Stracchino, or Crescenza-Stracchino, is an Italian cheese from the regions of Romagna and Lombardy. Brie is a French cheese named for the region of France where it originated. Both are soft cheeses, but there can be striking differences in their flavor characteristics. With careful selection, Brie can be substituted for Stracchino in many recipes.
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Stracchino Cheese Characteristics
Stracchino cheese is made from whole cow's milk. Traditionally, it was made from the milk of cows whose physical exertion during their seasonal migration through the mountains produced milk with increased butterfat content. Stracchino was also made in the cold autumn and winter months from raw milk, ripened overnight and usually eaten fresh or aged for less than a week. Its texture is creamy and soft, with an almost liquid consistency. It has a hybrid flavor of mild, young Brie mixed with the more acidic overtones of buttermilk.
Brie Cheese Characteristics
Brie cheese is made from whole or part skim milk and is not typically eaten fresh. Brie is a soft, creamy cheese, though firmer than Stracchino. Young Brie has a mild flavor, while the flavor of aged Brie can be quite pungent. Authentic French Brie is typically aged for at least four weeks before being cut, resulting in a cheese with a mature, more complex, earthy flavor.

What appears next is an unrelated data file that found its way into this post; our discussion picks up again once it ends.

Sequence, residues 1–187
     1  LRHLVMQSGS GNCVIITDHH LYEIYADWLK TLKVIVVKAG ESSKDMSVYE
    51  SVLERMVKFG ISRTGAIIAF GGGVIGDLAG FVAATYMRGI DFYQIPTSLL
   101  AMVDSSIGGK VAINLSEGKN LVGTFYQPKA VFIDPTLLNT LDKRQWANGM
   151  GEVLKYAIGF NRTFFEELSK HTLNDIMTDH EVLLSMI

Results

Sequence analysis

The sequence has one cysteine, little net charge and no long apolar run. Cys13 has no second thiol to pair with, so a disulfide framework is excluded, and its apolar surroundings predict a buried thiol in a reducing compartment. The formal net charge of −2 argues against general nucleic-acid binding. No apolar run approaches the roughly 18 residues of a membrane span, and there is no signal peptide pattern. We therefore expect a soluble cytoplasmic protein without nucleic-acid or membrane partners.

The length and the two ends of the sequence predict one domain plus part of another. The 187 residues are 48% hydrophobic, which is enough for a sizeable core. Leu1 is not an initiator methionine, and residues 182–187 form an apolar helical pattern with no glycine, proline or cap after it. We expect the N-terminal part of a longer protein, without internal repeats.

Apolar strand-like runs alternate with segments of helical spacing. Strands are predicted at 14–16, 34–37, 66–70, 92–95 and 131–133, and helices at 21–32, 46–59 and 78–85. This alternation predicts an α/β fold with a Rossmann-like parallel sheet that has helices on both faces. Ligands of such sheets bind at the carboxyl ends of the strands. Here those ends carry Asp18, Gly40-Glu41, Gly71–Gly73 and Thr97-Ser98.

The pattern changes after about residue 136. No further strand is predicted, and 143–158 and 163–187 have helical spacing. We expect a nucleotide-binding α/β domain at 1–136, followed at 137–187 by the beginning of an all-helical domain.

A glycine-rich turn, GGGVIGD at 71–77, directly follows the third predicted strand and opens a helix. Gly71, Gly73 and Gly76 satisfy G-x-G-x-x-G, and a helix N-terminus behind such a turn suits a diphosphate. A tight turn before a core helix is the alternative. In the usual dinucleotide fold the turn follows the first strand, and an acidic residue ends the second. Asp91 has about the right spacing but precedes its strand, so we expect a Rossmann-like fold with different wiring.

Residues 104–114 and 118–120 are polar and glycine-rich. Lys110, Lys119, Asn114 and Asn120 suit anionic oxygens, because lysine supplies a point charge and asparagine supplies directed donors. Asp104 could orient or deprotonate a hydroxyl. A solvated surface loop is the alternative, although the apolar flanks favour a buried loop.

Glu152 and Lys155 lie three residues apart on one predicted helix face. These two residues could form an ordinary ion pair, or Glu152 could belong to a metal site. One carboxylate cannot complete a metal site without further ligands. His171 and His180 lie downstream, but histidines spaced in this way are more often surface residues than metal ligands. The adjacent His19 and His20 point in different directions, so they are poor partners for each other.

Stracchino is best served at room temperature or cooked in a recipe. It spreads nicely on crackers, crostini or fresh bread with fruit. It also works well on pizza, as a filling for focaccia, melted on grilled sandwiches and in cream sauce over pasta. For something different, use Stracchino in common recipes like macaroni and cheese, quiche and omelets, either by itself or mixed with other cheeses. The flavor is mild and enhances many tried and true cheese-based dishes.
Stracchino and Brie are excellent melting cheeses and can be used in a variety of cooked dishes. Both cheeses can also be eaten at room temperature on crackers or bread with fruit, and paired with an appropriate wine. With the textural characteristics that they have in common, Brie can be a good substitute for Stracchino in many recipes. For a comparable flavor substitute, look for a young, mild-flavored Brie.